Just what the Internet needs…MORE BANNERS!

12 Jan

Back to schooool, back to schooool… You may not be able to tell, but I’m singing. Maybe it’s being back at school, maybe it’s the sleep I’m already forsaking, or maybe it’s this delicious blueberry muffin I’m enjoying, but I’m really excited this morning. We’re going to make amazing things happen this semester and I’m totally “stoked,” as the kids say.

So let’s start off this year with an in-depth look at the Internet’s proverbial case of acne: banner ads.

We split off into groups this morning and discussed some banner ads we found around the interwebs. We talked about great ads, decent ads, practically invisible ads, and the “so-bad-it’s-good” ads. When I say “invisible ad,” I mean an ad that’s so bland, boring and expected that it easily falls into the background and goes unnoticed. Take a look at this heat map I found that came with this explanation:
“Heatmaps from eyetracking studies: The areas where users looked the most are colored red; the yellow areas indicate fewer views, followed by the least-viewed blue areas. Gray areas didn’t attract any fixations. Green boxes were drawn on top of the images after the study to highlight the advertisements.”
source

Notice the ads get no love from the audience. And it might be because they got no love from their designer, either. Here’s an example of a perfectly forgettable banner ad I found:

What’s frustrating about this banner is that it’s living in this horrible, barren middle ground between design sense and… the exact opposite of innovation and interest. The white space between elements is nicely considered, but the centered placement of everything and complete disregard for the space of the banner makes this a failure. In contrast, I found another simple, white-space heavy banner ad that does a little bit of a better job with composition:

Both these ads seem like they started off in the same place: one image, very little copy, lots of white space. But where the Nexus ad failed to create visual interest by centering everything, the Behance ad allowed angles and cropping to create an ad that doesn’t hurt to look at.

Some banner ads don’t even try to look decent. These horrible ads try to catch our attention either by being obnoxious or making ridiculous, late-night-tv
type claims about weight loss and fortune building. However, the effectiveness of these ads is debatable. If their end goal is to gain traffic to their site, they fail miserably. However, if the goal is to simply been seen and perhaps recognized, they probably succeed more than we would like to admit. How many times have you seen an ad about punching Osama bin Laden or catching a monkey? And how many of you have seen some variation this gem:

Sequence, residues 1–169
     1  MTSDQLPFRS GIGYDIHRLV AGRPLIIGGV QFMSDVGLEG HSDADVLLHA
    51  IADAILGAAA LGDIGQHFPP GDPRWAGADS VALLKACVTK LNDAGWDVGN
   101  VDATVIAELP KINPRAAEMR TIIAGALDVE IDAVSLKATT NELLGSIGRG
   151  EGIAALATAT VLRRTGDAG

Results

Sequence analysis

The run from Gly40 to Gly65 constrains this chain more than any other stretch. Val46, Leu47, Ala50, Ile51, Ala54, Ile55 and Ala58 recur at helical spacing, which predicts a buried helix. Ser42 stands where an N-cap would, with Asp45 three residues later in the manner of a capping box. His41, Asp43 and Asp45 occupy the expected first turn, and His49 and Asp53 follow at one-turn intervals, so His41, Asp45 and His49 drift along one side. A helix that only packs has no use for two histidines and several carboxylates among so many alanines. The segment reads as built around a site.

That last one’s even in a different language. I guess it’s at least nice to know the same crap gets peddled world-wide. An article for The Business Insider had this to say about clickable online ads:
“80% of display ad clicks come from less than 20% of the Internet population, indicating that clicks are not necessarily as relevant to brand advertisers … When exposed to branded ads, the impact may not be direct or immediate, but there appears to be strong evidence that users engage better and transact more with brands once they’ve been exposed to them.”
It seems that even when we ignore them, the banner ads somehow win. However, all is not lost. There is a little, shimmering oasis of beautiful banner ads in a desolate wasteland of flash banners asking me to punch things or determine which celebrity has a fake nose or whatever. They are nearly impossible to find. Catching one is like finding a leprechaun. But take heart, for they do indeed exist. Here’s my favorite that Sara found:

Simply gorgeous. It is exactly what it is and nothing else. It’s not trying to grab me with poorly-drawn flashing cartoon characters or an animated gif of a girl in a bikini losing weight. It employs a classic design sensibility that is strong and simple. And this is what we’ve decided is the formula for a great banner ad: SIMPLICITY. A simple color palate, simple body copy. So keeping this in mind, I set off to create a banner ad for Web in the Wild, that fake web conference we worked on last semester. Hopefully I can create a banner that would make this Edward G. multimedia designer I can’t seem to find on the Internet….proud.

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